Living Through Traumatic Birth: Loss, Grief, and Recovery

This article is part of the Traumatic Birth Prevention & Resource Guide by PATTCh. Access the complete guide to learn more about traumatic birth and find resources for women and families.

An interview with doula, mother, and board member of PATTCh, Katie Rohs

 How has traumatic birth impacted your life?

An easier question to answer might be how hasn't traumatic birth impacted my life?  The loss of my twins, Tess and Sam, in May 2004 continues to touch me now, eight years later.  I identify as a mother of four, but when asked the question How many kids do you have? I answer two; people generally don't want to hear the story of two babies that died, and frankly, I don't always want to share it.  The loss eight years ago really shut down all of my creative and spiritual sides. Before getting pregnant, I was on a bit of a spiritual journey, learning and exploring different beliefs and religions. I was raised in a quasi-Christian household (believers in Jesus, but not really church-goers), but the mainstream Christian church's beliefs on things I held deeply  woman's choice and marriage equality, among others  were turning me off.  I believed in something bigger than myself, and that things happened for a reason. After losing the twins, the journey I was on ended abruptly. I no longer believed in any higher power that would take my beloved babies from me. The whole things happened for a reason? What reason could possibly be good enough to take my babies back? I came across one quote of a religious nature that brought me comfort: The Buddhists say miscarried and still-born babies have already learned all the life lessons they needed to in past lives, and now they only have to touch on this earth long enough to be wanted and loved before the get to go to Nirvana. I have no idea if that is an actual true statement of Buddhists, but it felt authentic to me.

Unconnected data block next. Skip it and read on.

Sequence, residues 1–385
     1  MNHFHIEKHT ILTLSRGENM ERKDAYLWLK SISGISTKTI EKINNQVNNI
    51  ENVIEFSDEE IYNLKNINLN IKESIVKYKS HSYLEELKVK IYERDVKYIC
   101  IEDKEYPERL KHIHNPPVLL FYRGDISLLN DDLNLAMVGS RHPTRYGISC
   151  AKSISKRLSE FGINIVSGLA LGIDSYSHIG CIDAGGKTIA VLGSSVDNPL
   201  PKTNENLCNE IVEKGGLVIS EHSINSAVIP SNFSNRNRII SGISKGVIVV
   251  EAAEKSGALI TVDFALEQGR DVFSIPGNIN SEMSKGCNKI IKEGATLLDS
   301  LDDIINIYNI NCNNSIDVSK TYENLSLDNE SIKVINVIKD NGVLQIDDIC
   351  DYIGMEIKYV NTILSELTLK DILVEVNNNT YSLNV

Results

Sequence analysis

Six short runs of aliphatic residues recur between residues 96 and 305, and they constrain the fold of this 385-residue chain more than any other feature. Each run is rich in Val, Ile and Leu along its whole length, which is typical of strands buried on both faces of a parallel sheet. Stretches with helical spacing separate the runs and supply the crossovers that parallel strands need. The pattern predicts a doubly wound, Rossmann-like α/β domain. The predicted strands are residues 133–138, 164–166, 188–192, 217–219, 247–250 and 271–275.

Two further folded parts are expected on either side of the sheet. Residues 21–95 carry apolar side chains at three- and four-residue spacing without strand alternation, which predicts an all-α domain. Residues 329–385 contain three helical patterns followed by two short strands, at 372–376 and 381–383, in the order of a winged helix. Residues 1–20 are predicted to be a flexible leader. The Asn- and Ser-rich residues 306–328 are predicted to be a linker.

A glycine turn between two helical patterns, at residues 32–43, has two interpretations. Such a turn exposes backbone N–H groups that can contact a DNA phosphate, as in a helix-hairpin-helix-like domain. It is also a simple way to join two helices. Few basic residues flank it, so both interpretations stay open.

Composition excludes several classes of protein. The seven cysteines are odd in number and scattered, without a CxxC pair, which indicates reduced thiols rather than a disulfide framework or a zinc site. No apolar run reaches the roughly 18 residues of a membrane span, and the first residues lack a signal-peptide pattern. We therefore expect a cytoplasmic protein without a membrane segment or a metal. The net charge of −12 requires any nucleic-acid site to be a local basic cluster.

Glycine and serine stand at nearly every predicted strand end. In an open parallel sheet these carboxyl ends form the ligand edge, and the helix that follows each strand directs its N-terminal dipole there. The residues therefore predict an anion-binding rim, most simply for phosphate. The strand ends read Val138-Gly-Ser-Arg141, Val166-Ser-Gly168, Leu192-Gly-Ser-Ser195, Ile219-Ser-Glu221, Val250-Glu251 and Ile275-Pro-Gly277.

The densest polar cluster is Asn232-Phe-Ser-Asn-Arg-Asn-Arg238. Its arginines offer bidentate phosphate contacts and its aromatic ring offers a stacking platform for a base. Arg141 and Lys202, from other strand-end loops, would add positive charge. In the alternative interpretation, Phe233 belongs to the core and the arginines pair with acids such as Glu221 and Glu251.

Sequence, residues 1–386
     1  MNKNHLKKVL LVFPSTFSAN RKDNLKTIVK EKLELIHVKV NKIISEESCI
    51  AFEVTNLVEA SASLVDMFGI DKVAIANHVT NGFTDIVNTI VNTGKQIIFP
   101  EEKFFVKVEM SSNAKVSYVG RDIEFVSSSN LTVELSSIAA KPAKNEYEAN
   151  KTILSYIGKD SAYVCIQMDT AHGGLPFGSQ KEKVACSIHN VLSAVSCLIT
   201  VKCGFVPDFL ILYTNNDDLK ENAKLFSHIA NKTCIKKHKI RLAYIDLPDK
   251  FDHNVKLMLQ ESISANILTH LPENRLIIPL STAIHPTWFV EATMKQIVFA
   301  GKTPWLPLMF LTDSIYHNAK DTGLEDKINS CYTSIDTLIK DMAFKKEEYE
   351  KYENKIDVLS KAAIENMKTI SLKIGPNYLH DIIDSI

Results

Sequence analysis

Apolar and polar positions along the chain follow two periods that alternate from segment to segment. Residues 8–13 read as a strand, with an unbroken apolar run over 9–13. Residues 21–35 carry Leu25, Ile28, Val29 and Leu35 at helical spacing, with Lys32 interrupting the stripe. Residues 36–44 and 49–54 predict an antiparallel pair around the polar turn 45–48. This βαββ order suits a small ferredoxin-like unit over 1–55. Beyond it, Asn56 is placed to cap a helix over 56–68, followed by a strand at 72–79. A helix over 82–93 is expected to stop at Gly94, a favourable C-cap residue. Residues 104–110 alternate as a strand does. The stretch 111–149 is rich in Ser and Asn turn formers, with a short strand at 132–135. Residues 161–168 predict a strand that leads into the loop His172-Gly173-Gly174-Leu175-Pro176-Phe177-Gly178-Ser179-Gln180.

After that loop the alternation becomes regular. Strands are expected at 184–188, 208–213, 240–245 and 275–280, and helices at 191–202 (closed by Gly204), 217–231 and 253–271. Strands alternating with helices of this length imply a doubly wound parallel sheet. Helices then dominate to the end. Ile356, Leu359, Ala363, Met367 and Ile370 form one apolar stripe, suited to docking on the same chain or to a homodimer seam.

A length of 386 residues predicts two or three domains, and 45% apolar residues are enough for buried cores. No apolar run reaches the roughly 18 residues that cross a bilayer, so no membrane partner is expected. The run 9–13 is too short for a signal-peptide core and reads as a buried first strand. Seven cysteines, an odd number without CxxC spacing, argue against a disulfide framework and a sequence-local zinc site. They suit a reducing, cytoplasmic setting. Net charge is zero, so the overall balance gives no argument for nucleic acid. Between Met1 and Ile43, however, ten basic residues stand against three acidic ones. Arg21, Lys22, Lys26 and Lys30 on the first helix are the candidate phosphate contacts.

How do you see it having transformed you?

I think the biggest transformation is just a loss of innocence. I was well beyond the danger zone of miscarriage (if it can really be called miscarriage when you can feel the babies moving and know their genders), and felt like I was just riding it out until viability, and then as long as I could keep the twins inside. No longer can I have that plain, blissful joy of the two pink lines appearing, and waiting for each pregnancy milestone.  No, now pregnancy is fraught with stress and worry particularly leading up to 17w 5d (when I lost the twins). The two pink lines is merely the start of the journey.  I still, eight years later, have some symptoms that pop up in very stressful situations. I get very numb and have a hard time focusing and making decisions. After losing the twins, I couldn't even decide if I should take a shower on any given day. It's (obviously) easier now, but when things are stressful  particularly involving my children  the paralysis takes over.